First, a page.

The actors recount the tale of that fateful day that left Billy, Tom, and Frank mortally wounded. The show is a bit corny, but the kids love it. Tickets are sold in the gift shop and includes admission to a narrated show about the town’s history, a small museum, and a copy of the Tombstone Epitaph paper published the day after the infamous fight.
There are other shows offered in Tombstone including one about a bank robbery, and another that re-enacts a stage coach robbery. There are also mine tours, stage coach rides, and of course ghost tours. They have different schedules and one can catch them all in a day if you so desired. We limit ourselves to one per visit.
As we stroll up Allen Street someone inevitably challenges our cowboys to a gunfight. We usually leave them to it and take some time to browse the different shops and galleries selling everything from artwork, clothing, footwear, infused oils and vinegars, and other souvenirs. We meet up for food and drink at the Crystal Palace Saloon, after all gun fighting is thirsty work.
Sometimes we stop by at the Photo shop where the boys dress up as cowboys, lawmen, or indians and have an old time photo taken and mounted on a “wanted” sign.
We always end the visit at the Fallen Angel Sweet Sin Parlor where they sell the best fudge in town.
We all enjoy our trips to Tombstone, it makes for a fun family outing as you learn a bit of Old West history.
For more information on Tombstone shops, restaurants, and tours click here!
A visit to Tombstone would not be complete without going on a ghost tour. We returned one evening without the kids for the famous Bird Cage Theater Ghost Tour.
To me its seems like a no brainer, when we take the kids to Disneyland or Disney World we stay at a Disney Resort. Disney Resorts are amazing, they keeps kids entertained with Mickey and friends wandering around the property and all that. The kids love it!
When we take the kids to other places we look for hotels and resorts that are kid friendly. There are lots of resorts out there that have added cool pools and kids’ clubs to entice families to spend their vacation dollars on their properties. It never occurred to me that there were amazing hotels your kids will love around the world! They have room geared for kids!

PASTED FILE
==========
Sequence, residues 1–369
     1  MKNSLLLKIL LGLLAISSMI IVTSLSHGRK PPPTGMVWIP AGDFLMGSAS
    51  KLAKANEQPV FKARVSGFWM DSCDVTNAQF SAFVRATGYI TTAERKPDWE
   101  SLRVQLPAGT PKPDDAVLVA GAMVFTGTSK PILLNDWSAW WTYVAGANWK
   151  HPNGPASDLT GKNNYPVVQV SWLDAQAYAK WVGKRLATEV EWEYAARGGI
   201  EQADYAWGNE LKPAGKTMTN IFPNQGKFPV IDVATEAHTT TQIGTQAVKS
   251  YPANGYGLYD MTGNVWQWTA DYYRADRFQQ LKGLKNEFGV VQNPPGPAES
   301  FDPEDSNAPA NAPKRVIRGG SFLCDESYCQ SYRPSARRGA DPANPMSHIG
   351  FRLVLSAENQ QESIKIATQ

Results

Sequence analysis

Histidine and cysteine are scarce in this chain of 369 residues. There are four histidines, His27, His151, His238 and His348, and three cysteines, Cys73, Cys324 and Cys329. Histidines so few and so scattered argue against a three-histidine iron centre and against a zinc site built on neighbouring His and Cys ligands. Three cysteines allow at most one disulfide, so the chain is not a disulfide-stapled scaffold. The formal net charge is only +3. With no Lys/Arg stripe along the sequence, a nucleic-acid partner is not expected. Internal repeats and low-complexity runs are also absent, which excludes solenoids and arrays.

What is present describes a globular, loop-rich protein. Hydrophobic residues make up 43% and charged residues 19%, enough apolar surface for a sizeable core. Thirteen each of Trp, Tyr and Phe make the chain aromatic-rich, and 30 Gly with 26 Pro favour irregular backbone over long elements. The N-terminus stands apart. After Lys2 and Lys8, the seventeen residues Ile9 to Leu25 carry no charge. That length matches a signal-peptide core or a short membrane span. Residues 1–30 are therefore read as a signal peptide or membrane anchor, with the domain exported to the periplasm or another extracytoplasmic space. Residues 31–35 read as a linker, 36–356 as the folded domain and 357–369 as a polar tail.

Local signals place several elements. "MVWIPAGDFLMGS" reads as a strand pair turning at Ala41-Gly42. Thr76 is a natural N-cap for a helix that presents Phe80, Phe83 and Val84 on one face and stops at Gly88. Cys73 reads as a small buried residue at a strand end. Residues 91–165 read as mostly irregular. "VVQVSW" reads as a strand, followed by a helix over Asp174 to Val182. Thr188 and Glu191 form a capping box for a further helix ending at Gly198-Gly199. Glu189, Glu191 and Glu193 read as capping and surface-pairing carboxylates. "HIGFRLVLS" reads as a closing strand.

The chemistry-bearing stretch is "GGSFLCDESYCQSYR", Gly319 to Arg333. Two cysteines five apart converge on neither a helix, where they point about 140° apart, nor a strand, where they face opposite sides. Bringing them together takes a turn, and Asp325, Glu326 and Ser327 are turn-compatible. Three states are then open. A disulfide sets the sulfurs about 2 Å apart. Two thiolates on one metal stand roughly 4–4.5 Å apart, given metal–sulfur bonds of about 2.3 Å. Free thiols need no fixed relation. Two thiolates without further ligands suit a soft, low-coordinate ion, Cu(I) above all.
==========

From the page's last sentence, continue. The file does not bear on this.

Here are some amazing hotels your kids will love! A stay at one of the hotels will surely make your vacation memorable!
Despicable Me Kid’s Suites at the Portofino Bay Hotel in Orlando, Florida.
This hotel boasts Kid’s Suites as well as the only suites inspired by the movie Despicable Me. The 2 room suites give mom and dad their own private space while the kids enjoy sleeping in custom designed missile style beds. The hotel also boast 3 themed pools and water slides, and has a view of Universal Studios Orlando.[spacer height=”20px” id=”2″]
The Jumbo Jet Hostel in Stockholm, Sweden allows them to do just that!What kid wouldn’t love to bed down in a real 747 jet? [spacer height=”20px” id=”2″]
All Harry Potter fans will love staying in The Wizard Chambers at the Georgian House in London, England.
The room includes an award winning English Breakfast. You can also book a muggle tour to make it a real Harry Potter getaway. [spacer height=”20px” id=”2″]
Stay in a room that brings fairy tales to life at La Balade des Gnomes in Durbury, Belgium.
They have rooms inside the Trojan Horse.[spacer height=”20px” id=”2″]
The Legoland Hotel in Carlsbad, California is dedicated to all things Lego.
Rooms with separate kids and adult areas are themed to blow the kids’ minds away.[spacer height=”20px” id=”2″]
Disney’s Aulani in Kapolei, Hawaii has fun pools, activities and Disney characters. Enough said![spacer height=”20px” id=”2″]
Adventure Suites in North Conway, New Hampshire has many different themed suites that are fun for kids and adults! [spacer height=”20px” id=”2″]
Stay in the Elephant Villa or Tree House Villa at the Kumbuk River in Buttala, Sri Lanka.
You might be treated to a real elephant passing by![spacer height=”20px” id=”2″]
Sonic the Hedgehog themed rooms and other themed room at the Alton Towers Hotel in Staffordshire, England will amaze kids.[spacer height=”20px” id=”2″]
Dog Bark Inn in Cottonwood, Idaho is a B&B shaped like a dog.
The rooms are decorated with doggy do-dads. Great for the dog lovers in your family![spacer height=”20px” id=”2″]
Nickelodeon Suites Resorts in Orlando, Florida celebrates all things Nickelodeon.
Themed suites, character dining and more.[spacer height=”20px” id=”2″]
Winvian Luxury Resort Cottages in Litchfield Hills, Connecticut has themed cottages including this one with a fully restored Coast Guard helicopter.
The kids will think it’s cool![spacer height=”20px” id=”2″]
Pretty in Pink! Your little Princess will love to stay at the Barbie themed suite at The Palms in Las Vegas.
It will be like living in a real life Barbie World.[spacer height=”20px” id=”2″]
The Eloise themed suite at The Plaza Hotel in New York City is inspired the children’s classic book of the same name.
If you prefer something less girly they also have a Medieval themed suite called Knights of the Plaza.[spacer height=”-100px” id=”8″]
It seems we find ourselves in Houston just about every year. Either to visit family or to catch a flight to Europe or the Middle East. When we stop by we usually spend a day or two, it’s a good place to rest between long flights.